Rainbowfish Aquarium
Rainbowfish Aquarium

Rainbowfish Aquarium

Aquarium size

One of the advantages with rainbow fish is that they can be kept even in comparatively small aquariums. The recommended aquarium size will of course depend on how many rainbow fishes you wish to keep and if you want to combine them with other fish. Also keep in mind that is it more difficult to keep the water quality up in a small aquarium. Many beginners start out with small aquariums since they think that large aquariums are hard to maintain, but the truth is that small aquariums are much trickier to keep.

If you have a 40 litre (roughly 10 gallon) aquarium, you can keep up to 15 rainbowfishes if you choose small species such as Pygmy Rainbowfish (Melanotaenia pygmaea) or Dwarf Rainbowfish  (Melanotaenia praecox). An 80 litre (roughly 20 gallon) aquarium can house an even larger group of small species, or up to 15 medium sized rainbowfishes like Boeseman's rainbowfish (Melanotaenia boesemani) or Duboulay's Rainbowfish (Melanotaenia duboulayi). A 150 litre (roughly 40 gallon) aquarium is large enough for up to 15 large rainbow fishes, e.g. Red rainbowfish (Glossolepis incisus) or Sepik Rainbowfish (Glossolepis multisquamatus).

Aquarium decorations

Create a lot of hiding spots for your fish, since this will make them fell less stressed and more secure in the aquarium. Live plants are recommended for the rainbowfish aquarium since it makes the fish feel at home and brings out their true colours. Plants like java moss are also appreciated spawning sites for rainbowfish. If you haven’t kept live plants before, ideally go for sturdy species like java fern and java moss. These species can adapt to most water conditions and does not require any special lighting or extra carbon dioxide. In most cases, the waste produced by your fish will be sufficient as fertilizer.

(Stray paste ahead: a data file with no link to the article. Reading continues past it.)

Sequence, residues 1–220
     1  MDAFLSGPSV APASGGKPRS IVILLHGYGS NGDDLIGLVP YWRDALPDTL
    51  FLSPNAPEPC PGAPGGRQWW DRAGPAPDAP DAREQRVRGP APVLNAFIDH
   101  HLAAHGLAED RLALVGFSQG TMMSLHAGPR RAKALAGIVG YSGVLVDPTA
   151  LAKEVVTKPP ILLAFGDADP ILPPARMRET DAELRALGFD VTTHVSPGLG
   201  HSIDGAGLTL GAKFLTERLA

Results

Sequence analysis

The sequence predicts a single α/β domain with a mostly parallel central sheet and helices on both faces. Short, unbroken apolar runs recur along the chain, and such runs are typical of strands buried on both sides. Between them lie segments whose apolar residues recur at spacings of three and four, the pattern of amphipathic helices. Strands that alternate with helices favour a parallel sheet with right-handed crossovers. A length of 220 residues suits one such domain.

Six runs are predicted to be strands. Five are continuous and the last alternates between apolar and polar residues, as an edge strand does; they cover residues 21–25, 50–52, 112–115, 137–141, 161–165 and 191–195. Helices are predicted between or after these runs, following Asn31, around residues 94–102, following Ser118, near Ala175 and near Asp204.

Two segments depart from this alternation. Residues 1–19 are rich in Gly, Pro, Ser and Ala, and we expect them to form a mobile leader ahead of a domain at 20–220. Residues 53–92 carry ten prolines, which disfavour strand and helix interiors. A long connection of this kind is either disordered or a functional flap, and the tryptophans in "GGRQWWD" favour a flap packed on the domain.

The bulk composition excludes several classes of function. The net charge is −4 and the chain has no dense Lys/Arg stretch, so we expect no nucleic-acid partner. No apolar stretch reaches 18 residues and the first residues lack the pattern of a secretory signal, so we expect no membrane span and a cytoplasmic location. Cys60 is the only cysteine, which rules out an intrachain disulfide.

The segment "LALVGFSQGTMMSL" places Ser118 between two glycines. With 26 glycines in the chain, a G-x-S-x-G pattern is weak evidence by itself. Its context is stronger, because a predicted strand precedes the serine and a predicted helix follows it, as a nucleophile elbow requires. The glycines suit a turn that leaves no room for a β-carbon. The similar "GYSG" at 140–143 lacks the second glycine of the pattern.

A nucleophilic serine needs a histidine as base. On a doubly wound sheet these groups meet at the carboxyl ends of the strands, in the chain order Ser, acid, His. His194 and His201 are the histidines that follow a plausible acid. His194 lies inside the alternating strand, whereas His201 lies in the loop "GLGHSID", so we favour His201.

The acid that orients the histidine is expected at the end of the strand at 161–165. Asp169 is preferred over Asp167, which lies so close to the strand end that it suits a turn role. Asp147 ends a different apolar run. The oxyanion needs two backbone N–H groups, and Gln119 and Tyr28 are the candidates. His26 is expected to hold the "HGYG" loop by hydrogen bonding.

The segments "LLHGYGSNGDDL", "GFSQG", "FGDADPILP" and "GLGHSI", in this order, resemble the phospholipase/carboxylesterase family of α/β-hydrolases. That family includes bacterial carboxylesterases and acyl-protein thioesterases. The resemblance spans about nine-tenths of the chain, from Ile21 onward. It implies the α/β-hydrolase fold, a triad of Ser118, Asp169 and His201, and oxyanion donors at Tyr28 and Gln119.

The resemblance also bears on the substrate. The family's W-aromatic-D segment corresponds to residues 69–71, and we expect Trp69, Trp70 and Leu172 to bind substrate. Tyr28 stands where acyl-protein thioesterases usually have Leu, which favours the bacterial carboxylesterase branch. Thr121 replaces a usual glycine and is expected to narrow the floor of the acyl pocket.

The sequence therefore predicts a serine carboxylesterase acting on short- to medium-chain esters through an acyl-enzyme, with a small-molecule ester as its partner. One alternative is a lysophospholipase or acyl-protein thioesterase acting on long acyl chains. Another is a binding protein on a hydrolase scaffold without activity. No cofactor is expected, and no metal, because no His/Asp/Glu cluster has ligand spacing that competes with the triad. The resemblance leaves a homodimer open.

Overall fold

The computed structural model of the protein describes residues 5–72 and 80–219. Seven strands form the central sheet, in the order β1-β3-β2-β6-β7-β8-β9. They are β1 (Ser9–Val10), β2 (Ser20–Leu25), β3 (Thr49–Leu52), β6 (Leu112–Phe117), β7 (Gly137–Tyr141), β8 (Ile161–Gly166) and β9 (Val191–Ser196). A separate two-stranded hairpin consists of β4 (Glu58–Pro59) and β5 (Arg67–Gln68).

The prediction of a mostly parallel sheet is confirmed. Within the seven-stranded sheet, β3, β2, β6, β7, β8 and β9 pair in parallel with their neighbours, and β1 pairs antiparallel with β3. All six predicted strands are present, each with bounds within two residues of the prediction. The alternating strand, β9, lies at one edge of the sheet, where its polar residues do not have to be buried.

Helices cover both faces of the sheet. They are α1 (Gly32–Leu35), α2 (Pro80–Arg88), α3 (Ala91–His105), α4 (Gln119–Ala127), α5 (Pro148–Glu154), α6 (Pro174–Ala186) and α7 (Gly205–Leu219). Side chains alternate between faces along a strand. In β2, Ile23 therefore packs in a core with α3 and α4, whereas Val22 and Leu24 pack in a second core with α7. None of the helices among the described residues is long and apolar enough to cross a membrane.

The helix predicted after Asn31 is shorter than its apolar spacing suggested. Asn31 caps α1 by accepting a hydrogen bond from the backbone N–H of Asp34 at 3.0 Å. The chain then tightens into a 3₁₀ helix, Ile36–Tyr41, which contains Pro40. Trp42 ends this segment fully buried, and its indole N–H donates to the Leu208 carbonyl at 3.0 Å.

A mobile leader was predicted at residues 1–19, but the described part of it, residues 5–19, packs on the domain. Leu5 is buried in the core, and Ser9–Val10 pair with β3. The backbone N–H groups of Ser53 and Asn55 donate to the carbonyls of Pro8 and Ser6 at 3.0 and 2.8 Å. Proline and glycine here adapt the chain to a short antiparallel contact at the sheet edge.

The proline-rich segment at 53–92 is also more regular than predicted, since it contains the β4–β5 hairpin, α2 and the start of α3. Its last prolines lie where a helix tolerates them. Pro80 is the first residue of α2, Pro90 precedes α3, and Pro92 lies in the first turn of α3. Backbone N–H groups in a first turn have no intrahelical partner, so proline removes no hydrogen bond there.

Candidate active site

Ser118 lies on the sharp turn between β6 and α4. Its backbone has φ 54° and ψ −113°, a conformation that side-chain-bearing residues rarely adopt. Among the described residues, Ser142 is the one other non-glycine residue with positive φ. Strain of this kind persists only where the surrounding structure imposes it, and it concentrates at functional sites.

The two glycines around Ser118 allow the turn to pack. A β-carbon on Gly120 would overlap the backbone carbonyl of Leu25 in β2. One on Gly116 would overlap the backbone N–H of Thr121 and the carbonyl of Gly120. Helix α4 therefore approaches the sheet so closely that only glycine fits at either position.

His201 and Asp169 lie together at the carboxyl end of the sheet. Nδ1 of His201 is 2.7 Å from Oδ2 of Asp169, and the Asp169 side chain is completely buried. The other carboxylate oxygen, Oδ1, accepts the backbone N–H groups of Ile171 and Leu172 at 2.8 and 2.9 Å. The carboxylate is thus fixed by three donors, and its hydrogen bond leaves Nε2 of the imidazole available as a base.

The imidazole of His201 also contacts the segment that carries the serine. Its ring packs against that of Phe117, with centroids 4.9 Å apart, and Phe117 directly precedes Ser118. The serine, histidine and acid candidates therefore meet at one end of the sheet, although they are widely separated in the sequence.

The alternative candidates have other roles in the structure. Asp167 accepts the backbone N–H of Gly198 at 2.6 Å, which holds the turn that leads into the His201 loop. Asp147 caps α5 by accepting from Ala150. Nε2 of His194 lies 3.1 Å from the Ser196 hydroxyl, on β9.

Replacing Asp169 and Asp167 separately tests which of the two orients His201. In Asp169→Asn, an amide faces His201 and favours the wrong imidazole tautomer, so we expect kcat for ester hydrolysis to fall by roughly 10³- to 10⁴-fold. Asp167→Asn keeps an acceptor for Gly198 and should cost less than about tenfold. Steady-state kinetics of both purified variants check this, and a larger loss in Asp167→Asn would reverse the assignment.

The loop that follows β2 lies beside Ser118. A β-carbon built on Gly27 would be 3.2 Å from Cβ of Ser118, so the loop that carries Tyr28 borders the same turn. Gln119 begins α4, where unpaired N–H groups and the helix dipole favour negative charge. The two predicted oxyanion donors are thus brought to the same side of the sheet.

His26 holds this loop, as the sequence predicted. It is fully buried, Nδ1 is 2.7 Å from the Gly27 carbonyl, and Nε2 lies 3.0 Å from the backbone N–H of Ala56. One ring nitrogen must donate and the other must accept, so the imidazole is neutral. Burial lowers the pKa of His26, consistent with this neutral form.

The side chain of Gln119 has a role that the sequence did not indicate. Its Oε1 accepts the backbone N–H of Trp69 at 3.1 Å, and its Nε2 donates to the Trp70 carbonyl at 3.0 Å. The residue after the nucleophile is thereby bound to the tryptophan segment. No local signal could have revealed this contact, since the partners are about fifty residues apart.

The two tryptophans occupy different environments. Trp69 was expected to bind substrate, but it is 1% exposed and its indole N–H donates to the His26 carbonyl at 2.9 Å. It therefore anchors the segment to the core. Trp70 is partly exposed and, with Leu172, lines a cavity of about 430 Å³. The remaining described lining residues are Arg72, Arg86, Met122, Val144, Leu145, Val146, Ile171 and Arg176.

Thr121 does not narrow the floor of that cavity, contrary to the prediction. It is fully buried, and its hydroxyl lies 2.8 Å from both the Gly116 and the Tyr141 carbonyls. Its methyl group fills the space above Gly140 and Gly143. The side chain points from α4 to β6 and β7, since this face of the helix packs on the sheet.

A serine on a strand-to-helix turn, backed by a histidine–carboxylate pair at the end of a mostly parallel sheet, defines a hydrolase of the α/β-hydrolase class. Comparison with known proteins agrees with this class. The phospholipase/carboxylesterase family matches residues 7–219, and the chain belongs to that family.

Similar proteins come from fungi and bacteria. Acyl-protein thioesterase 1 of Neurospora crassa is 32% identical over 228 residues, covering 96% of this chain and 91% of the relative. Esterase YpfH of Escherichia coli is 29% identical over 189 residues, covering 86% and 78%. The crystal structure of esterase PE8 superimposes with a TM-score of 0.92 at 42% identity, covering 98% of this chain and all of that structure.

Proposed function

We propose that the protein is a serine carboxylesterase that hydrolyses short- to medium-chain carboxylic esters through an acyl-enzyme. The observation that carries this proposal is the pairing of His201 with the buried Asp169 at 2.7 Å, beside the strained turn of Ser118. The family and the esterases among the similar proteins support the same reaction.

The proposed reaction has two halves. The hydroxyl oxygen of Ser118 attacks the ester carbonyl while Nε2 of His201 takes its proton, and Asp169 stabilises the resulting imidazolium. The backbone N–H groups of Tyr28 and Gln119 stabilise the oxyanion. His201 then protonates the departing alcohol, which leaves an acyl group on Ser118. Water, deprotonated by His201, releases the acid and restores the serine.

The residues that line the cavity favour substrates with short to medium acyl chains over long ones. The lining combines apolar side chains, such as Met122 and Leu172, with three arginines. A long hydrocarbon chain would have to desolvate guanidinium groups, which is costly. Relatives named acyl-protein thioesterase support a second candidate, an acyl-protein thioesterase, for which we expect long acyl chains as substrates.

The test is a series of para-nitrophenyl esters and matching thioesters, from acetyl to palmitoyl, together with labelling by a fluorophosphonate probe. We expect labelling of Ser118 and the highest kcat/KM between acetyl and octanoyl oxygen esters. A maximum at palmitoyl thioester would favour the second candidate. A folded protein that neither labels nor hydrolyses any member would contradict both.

Hardness and pH-value

The recommended water conditions will depend on which species of rainbowfish you keep and obtaining species specific information is therefore always recommended. Some species are used to soft and acidic waters, while others need alkaline conditions to thrive in the aquarium. Fortunately, a lot of rainbow fishes are quite adaptable when it comes to water chemistry and many species can be kept in aquariums where the pH-value is 6.5-7.5 and the hardness between 0 and 100 ppm.


Try to mimic the natural environment of your specific species when keeping rainbowfish. Many species of rainbowfish can adapt to a broad spectrum of water temperatures since they hail from environments where the temperature varies a great deal. Rainbowfish have been found in waters where the temperature can drop down to 5 degrees C (41 degrees F), and species that live in shallow bodies of water exposed to the strong Australian sun can endure water temperatures above 35 degrees C (95 degrees F). Always research you particular species in order to find out their optimal temperature range. In the aquarium it is best to keep the temperature stable, unless you try to induce breeding by tampering with the water temperature. Generally speaking, 20-24 degrees C (68-75 degrees F) is recommended if you fail to identify the species of your rainbow fish. Increasing the temperature up to 28 degrees C (83 degrees F) may induce spawning.   

Organic waste

In order to keep the levels of organic waste down, suitable filtration must be combined with regular water changes. In a well established aquarium, biological filtration will help you break down ammonium and nitrite to nitrate, but the nitrate can only be removed through water changes. Ideally combine biological filtration with mechanical filtration, e.g. a sponge filter. Uneaten food should be removed and over-feeding must be avoided. Changing 25-35% of the water each week is a good rule of thumb, but it might have to be modified to suit your particular aquarium. An aquarium that is not heavily stocked might get by with smaller changes, while a heavy stocked aquarium might need a 50% change or more per week.

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